Enrollment declines: Paul’s administration has a plan


Sean Smith

Southern Miss students cheer on the Golden Eagles at a game during the 2022 season.

Undergraduate enrollment at USM has been declining steadily for years. It is the result of years-long national trends including population decline, economic issues, and the COVID-19 pandemic. Despite the circumstances, USM President Joe Paul and the university’s administration are optimistic in their ability to overcome this issue.  


According to the Office of Institutional Research, total undergraduate enrollment has been dropping for almost a decade. In fall 2012, the earliest numbers found, there were 13,658 undergraduates enrolled. That number has dropped steadily every year, most years by the hundreds.  


As of fall 2022, there were10,258 undergraduate students enrolled at Southern Miss. The vast majority of those students, 7,775, were enrolled at the Hattiesburg campus, while Gulf Park sits at 732, down from 1,361 in 2018. There were 1,751 registered students taking fully online classes. 


The biggest loss was between fall of 2012 and fall of 2013, where undergraduate enrollment plummeted by 1,183. The second-largest was between fall of 2020 and fall of 2021, with a difference of 758.  


The decline is caused by a number of factors. According to BestColleges, the three main issues are declining birth rates, the rising cost of college, and the impact of the pandemic.  


First, birth rates have been declining nationally since the economic recessions in the 1990s and in 2008. Even the birth rates in Mississippi have declined, though they remain higher than the national average – 12.3% in Mississippi compared to 11.97% nationally.  


Second, college has only gotten more expensive. The average tuition and fees at public four-year schools in Mississippi is $8,604 for in-state students and $19,402 for out-of-state students. That does not even include the various other expenses such as textbooks and transportation.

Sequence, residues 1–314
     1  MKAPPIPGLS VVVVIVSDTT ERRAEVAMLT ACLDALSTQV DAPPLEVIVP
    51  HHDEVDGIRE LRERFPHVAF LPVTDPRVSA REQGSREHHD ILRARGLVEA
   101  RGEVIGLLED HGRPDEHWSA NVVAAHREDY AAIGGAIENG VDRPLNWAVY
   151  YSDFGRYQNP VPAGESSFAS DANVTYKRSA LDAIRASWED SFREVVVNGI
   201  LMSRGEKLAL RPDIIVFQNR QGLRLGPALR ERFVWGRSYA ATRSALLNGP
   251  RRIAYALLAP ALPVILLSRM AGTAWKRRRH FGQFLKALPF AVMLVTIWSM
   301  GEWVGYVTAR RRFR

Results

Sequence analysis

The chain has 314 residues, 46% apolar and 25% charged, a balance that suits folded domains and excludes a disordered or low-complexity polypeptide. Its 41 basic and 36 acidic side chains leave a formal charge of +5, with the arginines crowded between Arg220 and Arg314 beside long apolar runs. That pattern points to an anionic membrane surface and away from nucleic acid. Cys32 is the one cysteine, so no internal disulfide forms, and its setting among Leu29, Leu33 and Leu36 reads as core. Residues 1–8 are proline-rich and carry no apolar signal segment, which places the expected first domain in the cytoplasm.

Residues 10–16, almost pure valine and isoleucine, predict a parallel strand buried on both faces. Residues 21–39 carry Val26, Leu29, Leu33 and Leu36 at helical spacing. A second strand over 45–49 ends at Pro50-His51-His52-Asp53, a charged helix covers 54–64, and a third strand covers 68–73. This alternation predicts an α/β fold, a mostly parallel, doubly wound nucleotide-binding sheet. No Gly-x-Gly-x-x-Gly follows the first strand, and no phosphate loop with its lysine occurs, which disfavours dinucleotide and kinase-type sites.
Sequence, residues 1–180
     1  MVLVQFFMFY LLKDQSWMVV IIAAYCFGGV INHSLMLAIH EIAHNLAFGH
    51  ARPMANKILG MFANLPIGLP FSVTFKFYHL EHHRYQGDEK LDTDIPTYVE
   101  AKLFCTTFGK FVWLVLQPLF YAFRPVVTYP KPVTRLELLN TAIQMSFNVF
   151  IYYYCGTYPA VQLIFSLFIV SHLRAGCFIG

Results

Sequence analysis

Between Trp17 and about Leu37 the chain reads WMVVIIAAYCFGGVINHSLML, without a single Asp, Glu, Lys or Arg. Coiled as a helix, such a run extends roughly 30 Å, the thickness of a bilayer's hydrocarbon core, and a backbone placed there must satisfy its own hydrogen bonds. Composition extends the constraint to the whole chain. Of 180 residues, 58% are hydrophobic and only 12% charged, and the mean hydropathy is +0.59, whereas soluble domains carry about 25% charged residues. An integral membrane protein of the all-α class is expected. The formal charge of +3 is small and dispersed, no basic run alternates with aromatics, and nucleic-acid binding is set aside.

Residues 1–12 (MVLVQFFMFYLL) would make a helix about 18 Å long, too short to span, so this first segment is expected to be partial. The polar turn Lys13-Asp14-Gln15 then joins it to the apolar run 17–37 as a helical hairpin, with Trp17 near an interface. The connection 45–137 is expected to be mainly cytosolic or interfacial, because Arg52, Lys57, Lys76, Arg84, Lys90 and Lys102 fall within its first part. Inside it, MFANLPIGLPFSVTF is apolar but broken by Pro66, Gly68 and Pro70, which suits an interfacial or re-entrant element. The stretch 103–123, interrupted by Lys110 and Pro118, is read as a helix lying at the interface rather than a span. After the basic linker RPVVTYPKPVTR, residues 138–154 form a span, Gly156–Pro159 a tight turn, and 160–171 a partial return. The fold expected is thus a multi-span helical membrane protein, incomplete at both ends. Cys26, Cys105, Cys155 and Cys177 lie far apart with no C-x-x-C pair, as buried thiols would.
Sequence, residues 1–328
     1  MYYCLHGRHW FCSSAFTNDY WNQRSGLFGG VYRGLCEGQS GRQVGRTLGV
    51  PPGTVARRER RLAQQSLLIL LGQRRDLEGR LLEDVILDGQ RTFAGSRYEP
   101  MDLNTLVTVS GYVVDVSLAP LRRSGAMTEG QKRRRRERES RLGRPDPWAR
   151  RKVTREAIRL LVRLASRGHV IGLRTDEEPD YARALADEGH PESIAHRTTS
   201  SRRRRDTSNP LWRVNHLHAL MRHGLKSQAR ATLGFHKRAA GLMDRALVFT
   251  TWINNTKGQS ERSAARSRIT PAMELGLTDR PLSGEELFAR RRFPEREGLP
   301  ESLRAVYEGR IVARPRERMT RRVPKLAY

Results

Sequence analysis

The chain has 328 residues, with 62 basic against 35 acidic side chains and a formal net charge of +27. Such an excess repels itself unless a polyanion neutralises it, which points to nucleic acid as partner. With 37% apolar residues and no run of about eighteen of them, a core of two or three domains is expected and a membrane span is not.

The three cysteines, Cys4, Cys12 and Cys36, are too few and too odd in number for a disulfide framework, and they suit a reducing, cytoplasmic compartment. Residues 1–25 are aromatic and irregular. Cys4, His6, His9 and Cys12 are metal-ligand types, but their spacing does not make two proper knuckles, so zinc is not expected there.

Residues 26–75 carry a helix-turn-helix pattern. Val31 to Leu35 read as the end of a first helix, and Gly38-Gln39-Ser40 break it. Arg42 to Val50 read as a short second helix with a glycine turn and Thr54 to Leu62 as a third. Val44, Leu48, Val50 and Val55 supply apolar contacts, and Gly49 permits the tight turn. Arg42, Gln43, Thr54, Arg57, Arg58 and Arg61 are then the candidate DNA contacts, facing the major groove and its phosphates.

The pandemic has only made this trend worse. Many students chose to delay or forgo attending college due to format changes, fear of contracting COVID-19, and lack of funding. Nationally, undergraduate enrollment fell by 1.2 million people.  


All of these factors combined have created an environment where there are less students enrolling and greater competition between colleges for those that remain. 


For students already in college, lower enrollment means less state funding for the university, which means less money for important services and programs. If desperate, schools could start to raise costs to offset the losses. 


Sitting down with SM2, Paul expressed optimism about the situation. He stated that enrollment growth as his top priority and outlined his plans to make that a reality. 


“We’ve got to be more creative and create new strategies to be able to…grow our enrollment,” he said. “The University of Southern Mississippi for somebody not to choose to come to school here.” 


Part of Paul’s plan is centered around a personal approach to better marketing the school to prospective students. Last fall, he spoke to more than 2,000 students at 13 south Mississippi high schools to spread the word about Southern Miss. USM also has special enrollment relationships with multiple community colleges in Mississippi to make it easier for students to transfer.  


The administration is also raising money to improve the university. USM launched a Capital Campaign, aiming to raise $150 million in private donations for scholarships and other programs for the school.  


There are also new administrative positions such as Senior Associate Provost for DEI meant to improve quality of life at Southern Miss. Among the new hires is Dr. Randall Langston, Senior Associate Vice President for Enrollment Management. 


Despite the odds, Langston was also positive. “We’ve been working very hard to show students and demonstrate to families that this is a really great place to be,” he said.